"The Social Norms and Beliefs of Teenage Male Electronic Cigarette Use," a research study published in Journal of Ethnicity in Substance Abuse (Routledge), delves into the social norms and beliefs of teenage male electronic cigarette users. Electronic cigarettes (e-cigarettes) are battery operated inhalation devices that provide warm, vaporized nicotine to users without the inconvenience of tobacco smoke. Often marketed as a "healthier alternative," e-cigarettes have filled shelves of convenience stores and have been used much more frequently in public spaces since their inception in late 2011.
"Much of our past research has been conducted on tobacco use among disparate populations, in particular African American males," said Dr. Ronald Peters and Dr. Angela Meshack in a joint statement. "The present research is an extension of our previous work and began after getting anecdotal evidence from students with whom we work. They shared that they were beginning to use electronic cigarettes because they were novel and had high social approval among their peers."
To conduct the research, a sample of 47 males ages 15-17 years participated in focus groups. They were identified as "e-cigarette users" based upon their responses to a question that asked if they had used an e-cigarette in the previous 30 days. Four open-ended questions were asked to identify participants' subjective norms and beliefs related to e-cigarette use: (a) Why do youth use electronic cigarettes?; (b) Where are places that you use electronic cigarettes?; (c) What do your friends think about electronic cigarettes?; and (d) Why are electronic cigarettes so popular?
The focus groups identified several norms about teenage e-cigarette use among African American males. The primary reasons these teens admitted to using e-cigarettes were expeditious consumption and easy concealment, high social approval among peers, beliefs that e-cigarettes are healthier as well as more aesthetically pleasing compared to tobacco cigarettes, and a safe high. The researchers quote one respondent's belief in the results section, "It is healthier than smoking a cigarette because cigarettes got all those chemicals in the [expletive]." Another participant mentioned his reason for using, "Because you can hit it and put it in your pocket quick and not be caught. If there are no teachers around, you don't have to take the time to light it up." Participants admitted using their e-cigarettes everywhere -- both at school and at home.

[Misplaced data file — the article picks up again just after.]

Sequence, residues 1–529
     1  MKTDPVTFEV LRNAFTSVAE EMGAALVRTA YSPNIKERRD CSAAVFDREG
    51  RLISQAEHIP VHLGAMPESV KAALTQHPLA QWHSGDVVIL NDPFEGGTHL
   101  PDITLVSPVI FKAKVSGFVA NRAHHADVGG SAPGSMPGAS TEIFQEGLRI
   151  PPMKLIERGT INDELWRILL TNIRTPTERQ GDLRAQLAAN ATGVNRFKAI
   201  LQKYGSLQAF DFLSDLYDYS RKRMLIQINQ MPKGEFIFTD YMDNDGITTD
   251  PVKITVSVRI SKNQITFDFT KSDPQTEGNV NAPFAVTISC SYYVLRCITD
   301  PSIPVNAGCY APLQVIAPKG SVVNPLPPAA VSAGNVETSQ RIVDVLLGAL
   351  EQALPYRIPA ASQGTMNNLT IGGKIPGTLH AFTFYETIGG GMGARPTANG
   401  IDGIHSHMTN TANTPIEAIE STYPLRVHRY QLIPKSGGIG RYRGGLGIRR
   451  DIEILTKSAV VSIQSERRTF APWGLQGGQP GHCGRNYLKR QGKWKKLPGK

"The data uncovered in this research offer potential directions for larger qualitative and quantitative research studies related to e-cigarette use among youth," explained the researchers. "We hope with future research to determine if e-cigarette use may serve as a gateway to other drugs just as traditional tobacco cigarettes have been identified and if the user experiences higher euphoric effects."
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